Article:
Biotech Updates

MHLW Japan Close to Commercial Approval of the First Genome-edited Fish

August 25, 2021

Japan's Ministry of Health, Labor and Welfare (MHLW) is expected to approve the genome-edited red snapper (tai in Japanese) in September, allowing it to be distributed and sold commercially. Once approved, it will be the first genome-edited fish in the country. Japan has approved genome-edited GABA-rich tomato in March 2021.

Kyoto University, Kinki University, and other organizations have been working together to develop the genome-edited red snapper. The fish's flesh is enlarged by disabling myostatin, a protein that suppresses muscle growth. By simply feeding the fish with the same amount of food, the flesh of the fish increases about 1.5 times. This is expected to lead to cost reduction in red snapper production.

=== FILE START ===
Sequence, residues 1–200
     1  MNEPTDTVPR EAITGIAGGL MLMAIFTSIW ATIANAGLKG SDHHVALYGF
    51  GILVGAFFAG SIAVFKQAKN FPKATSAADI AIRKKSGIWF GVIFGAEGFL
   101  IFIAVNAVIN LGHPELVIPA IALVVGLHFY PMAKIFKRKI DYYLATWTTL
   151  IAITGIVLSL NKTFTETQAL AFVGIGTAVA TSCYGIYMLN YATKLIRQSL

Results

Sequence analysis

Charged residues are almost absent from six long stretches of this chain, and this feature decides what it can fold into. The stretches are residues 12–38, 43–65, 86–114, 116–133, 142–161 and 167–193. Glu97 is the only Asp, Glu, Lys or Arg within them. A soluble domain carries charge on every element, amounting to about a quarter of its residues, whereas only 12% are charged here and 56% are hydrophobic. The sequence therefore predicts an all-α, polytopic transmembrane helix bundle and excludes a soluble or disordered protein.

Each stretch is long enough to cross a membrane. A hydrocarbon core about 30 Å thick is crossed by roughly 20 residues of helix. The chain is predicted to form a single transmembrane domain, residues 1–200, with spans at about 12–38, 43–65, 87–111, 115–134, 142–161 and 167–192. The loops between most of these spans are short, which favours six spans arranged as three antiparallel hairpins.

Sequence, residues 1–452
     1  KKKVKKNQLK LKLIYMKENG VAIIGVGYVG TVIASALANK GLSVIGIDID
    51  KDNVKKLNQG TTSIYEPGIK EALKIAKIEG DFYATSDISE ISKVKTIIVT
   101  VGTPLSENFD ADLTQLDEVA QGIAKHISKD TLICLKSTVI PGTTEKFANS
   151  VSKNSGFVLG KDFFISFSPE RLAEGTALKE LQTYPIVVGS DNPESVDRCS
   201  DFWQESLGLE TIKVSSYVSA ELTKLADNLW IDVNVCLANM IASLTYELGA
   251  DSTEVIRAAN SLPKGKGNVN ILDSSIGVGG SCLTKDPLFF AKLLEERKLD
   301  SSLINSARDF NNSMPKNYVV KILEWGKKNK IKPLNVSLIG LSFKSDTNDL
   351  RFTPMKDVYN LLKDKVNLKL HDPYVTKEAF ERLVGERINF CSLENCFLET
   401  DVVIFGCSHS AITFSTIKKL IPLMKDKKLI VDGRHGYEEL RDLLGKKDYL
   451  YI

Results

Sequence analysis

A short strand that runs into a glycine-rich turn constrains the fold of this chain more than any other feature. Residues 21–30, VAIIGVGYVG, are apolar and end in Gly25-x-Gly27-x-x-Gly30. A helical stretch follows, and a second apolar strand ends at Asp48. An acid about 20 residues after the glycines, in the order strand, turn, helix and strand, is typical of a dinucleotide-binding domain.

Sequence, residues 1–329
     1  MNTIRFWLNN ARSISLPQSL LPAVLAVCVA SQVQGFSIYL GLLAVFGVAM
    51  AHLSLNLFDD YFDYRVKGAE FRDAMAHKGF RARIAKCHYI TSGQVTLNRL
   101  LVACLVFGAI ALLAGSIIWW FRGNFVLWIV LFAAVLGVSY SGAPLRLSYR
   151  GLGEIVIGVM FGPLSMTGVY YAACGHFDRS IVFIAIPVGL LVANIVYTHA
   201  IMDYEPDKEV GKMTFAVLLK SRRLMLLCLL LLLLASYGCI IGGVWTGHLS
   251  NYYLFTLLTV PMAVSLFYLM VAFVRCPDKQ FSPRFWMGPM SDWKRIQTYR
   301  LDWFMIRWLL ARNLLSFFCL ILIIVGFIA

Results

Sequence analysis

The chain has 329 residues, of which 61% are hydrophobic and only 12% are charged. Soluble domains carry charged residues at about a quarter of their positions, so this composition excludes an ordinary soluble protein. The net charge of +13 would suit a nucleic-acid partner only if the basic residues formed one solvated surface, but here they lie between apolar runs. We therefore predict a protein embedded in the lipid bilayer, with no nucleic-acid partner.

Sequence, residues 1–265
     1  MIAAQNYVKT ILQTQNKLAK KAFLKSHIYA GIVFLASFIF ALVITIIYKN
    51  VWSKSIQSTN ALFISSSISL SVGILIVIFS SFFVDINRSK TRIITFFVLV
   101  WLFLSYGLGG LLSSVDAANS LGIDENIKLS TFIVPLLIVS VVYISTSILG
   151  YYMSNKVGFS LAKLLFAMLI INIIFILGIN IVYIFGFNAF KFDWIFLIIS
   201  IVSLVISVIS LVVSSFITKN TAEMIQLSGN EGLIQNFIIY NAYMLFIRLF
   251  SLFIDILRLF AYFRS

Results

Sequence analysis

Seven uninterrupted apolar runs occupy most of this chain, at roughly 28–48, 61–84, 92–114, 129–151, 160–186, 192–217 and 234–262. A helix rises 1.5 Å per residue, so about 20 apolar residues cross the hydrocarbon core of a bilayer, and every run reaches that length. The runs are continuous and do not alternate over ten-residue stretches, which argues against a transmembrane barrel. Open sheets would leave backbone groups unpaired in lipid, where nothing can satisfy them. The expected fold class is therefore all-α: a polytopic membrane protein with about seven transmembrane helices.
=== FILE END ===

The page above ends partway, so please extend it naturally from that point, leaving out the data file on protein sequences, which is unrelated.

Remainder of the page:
The genome-edited ones will be individually identified with tags and grown in aquaculture tanks on land, so they will not escape to the sea and crossbreed with natural ones. A panel of experts from MHLW will check to examine if there are any external genes that red snapper does not naturally possess, or if any new allergens have been created. If there are no problems, the application will be accepted. The actual date of sale in the market is yet to be determined.

The original news article in Japanese was published in Yomiuri Shimbun.

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